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Full digital detection for Ion Beam Analysis

Contact: KHODJA Hicham, , hicham.khodja@cea.fr, +33 1 69 08 28 95
Summary:
Full digital detection spectroscopy will be installed on our Ion Beam Analysis setup. We propose a training period dedicated to performance evaluation of this new type of spectroscopy
Possibility of continuation in PhD: Oui
Deadline for application:18/04/2023

Full description:
Ion Beam Analysis is a panel of spectroscopies produced by the interaction of a light ion beam in the MeV/nucleon range with matter. The simultaneous combination of several of these spectroscopies allows, after simulation of the associated spectra, to reconstitute the chemical composition of the examined sample, laterally and in depth, for all the chemical elements present, whether they are major or trace elements.

The accuracy of these measurements depends largely on the quality of the signals collected and the counting statistics of the events giving rise to detectable radiation (charged particles, X-ray photons, γ). The detection chain usually used is based on the principles of nuclear spectroscopy, namely the association of a detector with a preamplifier followed by an analog amplifier producing a pseudo-Gaussian shaping and ending with an analog-digital converter. The coded signals are then used to construct the spectra and the lateral maps, the beam position being itself integrated in the coding process.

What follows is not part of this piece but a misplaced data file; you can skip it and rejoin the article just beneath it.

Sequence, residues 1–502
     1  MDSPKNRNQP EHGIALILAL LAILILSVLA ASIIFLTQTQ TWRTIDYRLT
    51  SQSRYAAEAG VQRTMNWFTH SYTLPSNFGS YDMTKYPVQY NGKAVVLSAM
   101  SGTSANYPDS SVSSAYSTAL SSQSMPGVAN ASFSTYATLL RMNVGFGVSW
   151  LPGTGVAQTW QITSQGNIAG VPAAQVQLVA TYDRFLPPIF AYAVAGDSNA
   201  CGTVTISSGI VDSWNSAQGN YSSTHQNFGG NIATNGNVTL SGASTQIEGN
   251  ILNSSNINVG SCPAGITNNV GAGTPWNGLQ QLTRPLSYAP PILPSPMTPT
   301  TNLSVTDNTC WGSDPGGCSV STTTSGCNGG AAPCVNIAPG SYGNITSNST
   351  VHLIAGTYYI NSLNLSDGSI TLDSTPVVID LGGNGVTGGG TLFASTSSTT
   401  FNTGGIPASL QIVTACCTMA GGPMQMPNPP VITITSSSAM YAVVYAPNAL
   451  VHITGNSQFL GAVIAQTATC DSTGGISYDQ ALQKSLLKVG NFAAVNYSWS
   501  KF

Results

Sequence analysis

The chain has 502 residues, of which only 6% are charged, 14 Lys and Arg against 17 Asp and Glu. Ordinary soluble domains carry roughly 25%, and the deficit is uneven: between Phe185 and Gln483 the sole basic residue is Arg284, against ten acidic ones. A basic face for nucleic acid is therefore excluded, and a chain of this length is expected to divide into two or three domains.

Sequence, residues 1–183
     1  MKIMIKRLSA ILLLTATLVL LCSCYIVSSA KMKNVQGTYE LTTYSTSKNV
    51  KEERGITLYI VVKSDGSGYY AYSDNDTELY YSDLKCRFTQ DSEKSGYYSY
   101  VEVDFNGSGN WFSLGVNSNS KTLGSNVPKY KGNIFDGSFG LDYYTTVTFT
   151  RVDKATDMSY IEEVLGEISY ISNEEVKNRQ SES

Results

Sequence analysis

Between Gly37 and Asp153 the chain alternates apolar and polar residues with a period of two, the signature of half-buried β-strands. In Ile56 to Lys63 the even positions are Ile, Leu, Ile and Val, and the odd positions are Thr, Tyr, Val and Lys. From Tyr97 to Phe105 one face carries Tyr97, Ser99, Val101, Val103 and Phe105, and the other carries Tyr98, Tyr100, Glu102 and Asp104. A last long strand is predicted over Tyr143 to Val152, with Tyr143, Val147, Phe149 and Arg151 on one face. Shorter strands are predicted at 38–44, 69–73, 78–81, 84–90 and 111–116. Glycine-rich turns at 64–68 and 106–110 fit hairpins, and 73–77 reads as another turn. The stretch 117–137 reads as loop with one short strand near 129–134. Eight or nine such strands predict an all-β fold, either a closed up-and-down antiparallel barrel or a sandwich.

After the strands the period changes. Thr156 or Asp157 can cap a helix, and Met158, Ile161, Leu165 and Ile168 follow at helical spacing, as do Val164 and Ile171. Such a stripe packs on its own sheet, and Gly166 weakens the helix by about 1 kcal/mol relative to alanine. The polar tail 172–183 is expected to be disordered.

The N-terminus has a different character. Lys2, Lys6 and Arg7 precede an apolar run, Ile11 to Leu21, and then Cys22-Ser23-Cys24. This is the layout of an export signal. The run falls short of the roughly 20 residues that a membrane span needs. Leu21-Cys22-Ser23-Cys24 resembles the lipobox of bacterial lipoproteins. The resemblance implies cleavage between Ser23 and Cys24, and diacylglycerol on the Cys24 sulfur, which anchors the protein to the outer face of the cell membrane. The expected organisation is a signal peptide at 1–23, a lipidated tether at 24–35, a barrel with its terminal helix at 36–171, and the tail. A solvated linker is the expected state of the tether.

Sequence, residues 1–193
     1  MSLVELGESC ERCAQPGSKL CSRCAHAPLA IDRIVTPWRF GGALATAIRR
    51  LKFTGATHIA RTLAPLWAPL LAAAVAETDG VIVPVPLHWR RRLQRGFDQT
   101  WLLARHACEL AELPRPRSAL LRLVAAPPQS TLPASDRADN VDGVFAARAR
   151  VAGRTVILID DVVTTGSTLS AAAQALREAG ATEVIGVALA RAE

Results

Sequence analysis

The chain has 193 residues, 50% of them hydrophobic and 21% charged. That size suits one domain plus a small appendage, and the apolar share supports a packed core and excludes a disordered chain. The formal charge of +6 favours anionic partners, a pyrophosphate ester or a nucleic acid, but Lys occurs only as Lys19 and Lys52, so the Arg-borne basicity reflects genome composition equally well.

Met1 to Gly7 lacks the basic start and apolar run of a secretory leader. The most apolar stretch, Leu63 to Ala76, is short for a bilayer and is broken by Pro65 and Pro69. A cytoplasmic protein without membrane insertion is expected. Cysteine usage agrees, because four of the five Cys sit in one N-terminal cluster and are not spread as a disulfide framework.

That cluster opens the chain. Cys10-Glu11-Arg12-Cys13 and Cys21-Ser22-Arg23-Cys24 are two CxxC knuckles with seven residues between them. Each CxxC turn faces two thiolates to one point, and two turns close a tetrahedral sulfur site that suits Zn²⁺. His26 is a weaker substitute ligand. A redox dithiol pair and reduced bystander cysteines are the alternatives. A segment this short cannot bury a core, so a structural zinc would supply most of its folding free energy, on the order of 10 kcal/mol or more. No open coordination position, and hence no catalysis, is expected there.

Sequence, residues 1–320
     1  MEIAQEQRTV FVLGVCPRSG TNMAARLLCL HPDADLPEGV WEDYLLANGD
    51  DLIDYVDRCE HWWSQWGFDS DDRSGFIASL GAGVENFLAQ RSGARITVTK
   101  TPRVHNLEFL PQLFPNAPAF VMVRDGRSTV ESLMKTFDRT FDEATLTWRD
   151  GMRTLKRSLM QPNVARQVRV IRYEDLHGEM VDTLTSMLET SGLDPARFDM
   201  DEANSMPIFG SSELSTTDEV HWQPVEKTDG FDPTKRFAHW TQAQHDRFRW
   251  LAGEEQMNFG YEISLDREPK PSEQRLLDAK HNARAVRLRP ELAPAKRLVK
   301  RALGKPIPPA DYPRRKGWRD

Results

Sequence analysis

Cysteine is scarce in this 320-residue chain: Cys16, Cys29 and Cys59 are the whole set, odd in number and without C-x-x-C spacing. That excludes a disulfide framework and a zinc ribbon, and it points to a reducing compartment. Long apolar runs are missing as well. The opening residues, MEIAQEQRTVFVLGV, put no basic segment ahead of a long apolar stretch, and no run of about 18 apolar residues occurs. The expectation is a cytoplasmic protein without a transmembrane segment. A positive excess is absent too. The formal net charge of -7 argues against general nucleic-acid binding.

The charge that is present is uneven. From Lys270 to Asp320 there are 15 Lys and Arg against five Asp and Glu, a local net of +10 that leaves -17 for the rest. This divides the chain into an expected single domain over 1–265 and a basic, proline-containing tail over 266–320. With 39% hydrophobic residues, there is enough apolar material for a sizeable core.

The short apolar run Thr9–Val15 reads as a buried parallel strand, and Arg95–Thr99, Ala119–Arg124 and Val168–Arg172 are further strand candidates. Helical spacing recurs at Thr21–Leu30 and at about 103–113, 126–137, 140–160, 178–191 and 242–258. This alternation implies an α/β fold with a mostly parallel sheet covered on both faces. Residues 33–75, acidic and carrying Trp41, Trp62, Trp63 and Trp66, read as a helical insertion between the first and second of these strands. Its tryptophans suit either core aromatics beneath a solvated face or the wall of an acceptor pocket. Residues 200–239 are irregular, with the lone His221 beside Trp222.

In order to improve the quality of the data produced, we are exploring the use of new electronic modules recently put on the market, which regroup the amplification and coding steps and which allow very fine adjustments of the different parameters affecting the conversion (rise time, type of shaping, zero pole, baseline restoration, stacking management...). The switch to this type of detection allows the production of better quality spectra by the possibility of discriminating the nature of the detected particle, allowed by the analyzis of the temporal profile of the signal, as well as by the control of count rates approximately 10 times higher than with analog chains.

The training course will take place according to the following plan:
• Handling of an "all digital" module with 16 input channels
• Tests using signal generators simulating the outputs of the detectors
• Study of the response of the module according to the nature of the detected particle
• Study of the behavior of the module at very high counting rate
• Qualification of the chain in analysis experiments

Within the framework of this internship, a collaboration is planned with a team of Sorbonne University which has implemented this type of detection.
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